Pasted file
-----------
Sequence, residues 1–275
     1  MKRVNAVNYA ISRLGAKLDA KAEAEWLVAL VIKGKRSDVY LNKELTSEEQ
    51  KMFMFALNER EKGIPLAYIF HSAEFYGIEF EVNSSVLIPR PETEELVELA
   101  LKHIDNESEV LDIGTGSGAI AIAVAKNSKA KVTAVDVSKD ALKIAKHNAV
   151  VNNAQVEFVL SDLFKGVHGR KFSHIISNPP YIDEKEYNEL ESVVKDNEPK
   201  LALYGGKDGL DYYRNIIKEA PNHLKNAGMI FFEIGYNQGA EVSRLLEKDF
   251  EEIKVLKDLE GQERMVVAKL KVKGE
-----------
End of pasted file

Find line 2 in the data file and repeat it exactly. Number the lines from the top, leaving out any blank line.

     1  MKRVNAVNYA ISRLGAKLDA KAEAEWLVAL VIKGKRSDVY LNKELTSEEQ